Sustainability is…...?


June 22, 2012

Sustainability does not only mean biological products, woolen socks, and a lifestyle under the guise of Rudolf Steiner's anthroposophy. It is much more and popular than that.

Sustainability is a very ambiguous concept. Different meanings are associated with it: Corporate Social Responsibility (CSR), Cradle 2 Cradle, fair-trade, organic, and responsible behaviour. Sustainability also plays an important role in the fields of biodiversity, climate change, water, and international development. Moreover, the term is used appropriately and inappropriately.

A first real definition of sustainability was given by the Brundtland report 'Our Common Future' in 1987: "Sustainable development meets the needs of the present generations without compromising the needs of future generations'[1]. The aim is not to save the world, but to preserve them for the necessary needs of current and future (human) generations.

But this is a very broad interpretation. What do I mean by it?

Sustainability is often referred to as the triangle of People, Planet & Profit. Sustainability for me is an economy that focuses on people and planet with which profit is used to create a sustainable and equitable relationship between people (and countries) and between humans and nature. The past decades has been focused on the profit side of sustainability, but now, the economic crisis forces us to face the facts that it can not continue. Moreover, the separation between rich and poor in the world is preserved by many as unfair. This is also visible in the field of climate change. The effects of climate change are often and fiercest felt by poor countries. Thus, the rich nations are most responsible for the phenomenon and they can better adapt to climate change than developing countries.

Sustainable action has everything to do with ecology, justice and the fair distribution of wealth (minerals and water for example). Hence, I believe sustainable development should mainly focus on  the people-(people) and the earth or nature-(planet) side of sustainability, where the economy (profit) functions as a vehicle for the first two.

And how does that work in practice?

Over the last decades, international politicians and policy makers have tried to address sustainable development (as stated by the WCED, 1987) [2] both through existing and novel governance initiatives (e.g. Kyoto Protocol, Earth Summit, Millennium Goals, and many others). Many are aware of the pressure on solving global problems such as climate change, biodiversity loss, deforestation, and poverty. However, especially during the UNFCCC negotiations in Copenhagen in 2009, it became apparent that a global view on sustainable development remains difficult to operationalize into clear policies[3].

For me, sustainability is to create our own ecosystem within the larger natural ecosystem (the earth), and to focus on the concept of justice for present and future generations. This is similar to the cradle to cradle principle of Braungart and Mc. Donough[4]. The earth itself is a large ecosystem where (almost) nothing is lost and where everything is effectively (re) used (the Gaia principle). Why should the living environment of people need to look so  different from the natural ecosystem? Why would our cities, our products and service cycles not also function as a larger ecosystem? Why don’t we create our own ecosystems, inspired by the natural ecosystem of mother Earth?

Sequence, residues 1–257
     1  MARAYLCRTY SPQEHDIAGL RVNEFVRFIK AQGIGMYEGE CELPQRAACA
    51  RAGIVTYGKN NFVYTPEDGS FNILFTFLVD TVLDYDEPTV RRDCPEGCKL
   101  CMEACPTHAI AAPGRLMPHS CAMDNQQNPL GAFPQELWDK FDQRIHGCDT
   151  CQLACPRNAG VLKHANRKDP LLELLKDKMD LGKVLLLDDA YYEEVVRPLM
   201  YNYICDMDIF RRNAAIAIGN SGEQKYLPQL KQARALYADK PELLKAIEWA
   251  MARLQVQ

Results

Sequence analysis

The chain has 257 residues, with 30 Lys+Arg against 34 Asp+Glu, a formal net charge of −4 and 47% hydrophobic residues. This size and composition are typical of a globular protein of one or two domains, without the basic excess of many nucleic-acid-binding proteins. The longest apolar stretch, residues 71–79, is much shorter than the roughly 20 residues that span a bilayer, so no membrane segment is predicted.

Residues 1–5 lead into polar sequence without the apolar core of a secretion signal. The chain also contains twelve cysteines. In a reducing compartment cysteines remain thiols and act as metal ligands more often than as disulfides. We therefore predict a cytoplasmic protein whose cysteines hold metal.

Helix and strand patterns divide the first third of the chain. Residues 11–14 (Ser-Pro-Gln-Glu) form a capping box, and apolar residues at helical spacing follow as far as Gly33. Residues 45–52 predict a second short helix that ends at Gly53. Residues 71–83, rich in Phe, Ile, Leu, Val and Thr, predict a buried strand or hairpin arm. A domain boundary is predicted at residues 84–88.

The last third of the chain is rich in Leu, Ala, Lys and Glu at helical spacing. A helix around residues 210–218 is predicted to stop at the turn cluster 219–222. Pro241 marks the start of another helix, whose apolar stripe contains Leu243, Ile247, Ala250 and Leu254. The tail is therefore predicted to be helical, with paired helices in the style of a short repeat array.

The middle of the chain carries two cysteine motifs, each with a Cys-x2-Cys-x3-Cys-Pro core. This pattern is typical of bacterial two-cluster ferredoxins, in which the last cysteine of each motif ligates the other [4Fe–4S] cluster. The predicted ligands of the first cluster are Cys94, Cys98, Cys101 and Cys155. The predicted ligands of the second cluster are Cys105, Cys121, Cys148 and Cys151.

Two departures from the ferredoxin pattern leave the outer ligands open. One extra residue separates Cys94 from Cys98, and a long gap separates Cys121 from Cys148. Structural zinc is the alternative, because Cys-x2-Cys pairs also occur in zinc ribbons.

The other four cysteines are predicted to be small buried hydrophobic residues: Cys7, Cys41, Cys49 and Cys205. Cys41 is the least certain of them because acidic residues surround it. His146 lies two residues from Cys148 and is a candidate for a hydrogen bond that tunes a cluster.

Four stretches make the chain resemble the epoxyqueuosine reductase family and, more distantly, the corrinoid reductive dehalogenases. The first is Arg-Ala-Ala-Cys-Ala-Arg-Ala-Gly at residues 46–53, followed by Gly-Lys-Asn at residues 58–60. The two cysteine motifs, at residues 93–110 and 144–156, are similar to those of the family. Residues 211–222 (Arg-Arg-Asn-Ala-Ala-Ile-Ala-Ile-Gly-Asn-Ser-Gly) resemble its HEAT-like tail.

It is not just about reduce, reuse, and recycle. Products could be left in nature without effecting it negatively. They should be bio-degradable and serve as fertilizers. Products can be made so that they are a valuable contribution to the natural environment or for further use even after their original use. Therefore, a new look at products and their usefulness, efficiency, and effectiveness is necessary. This should not only be applied to products, but also to (service) cycles, buildings, roads, and our infrastructure. Developing countries and richer countries can work together towards a sustainable future, with a focus on equity, preservation of diversity (social and environmental) and respect for people and nature.

A preview ...

A sustainable city is a city where roofs and sidewalks are used for urban agriculture, rainwater capture (for toilets), and power generation through solar panels. Waste is reduced, separated, biodegradable or burned to generate energy. The city itself is an ecosystem in which parks, gardens, and water features are a central aspect.

It is a vision that in many cities could be achieved. Now a dream, but dreams are there to become reality. Indeed, some cities already exist in this mindset, often originating from cradle to cradle projects, such as Masdar in the UAE. There are also fantastic and progressive projects that will enable developing countries to ensure sustainable development, such as the Yasuni-ITT Initiatief of Ecuador.

Dreams become reality!



[1] Jonker, J. et al. (2011). Duurzaam Denken Doen. 2011 – 2035. Inspiratieboek voor onze gezamenlijke toekomst. Kluwer: Deventer; World Commission on Environment and Development (WCED). (1987). Our common future. Annex to document A/42/427- Development and international co-operation: Environment.

[2] World Commission on Environment and Development (WCED). (1987). Our common future. Annex to document A/42/427- Development and international co-operation: Environment.

[3] Jackson, T. (2009). Prosperity without Growth. The transition to a sustainable economy. UK Sustainable Development Commission: London; Warnars, L. (2011). Prosperity within valued limits: novel governance initiatives stimulating moral human development shifts and sustainable development. Unpublished PHD proposal.

[4] Braungart, M. And Mc. Donough, W. (2007). Cradle to Cradle. Afval = voedsel. De Connecting Link: Bilthoven, The Netherlands.

 

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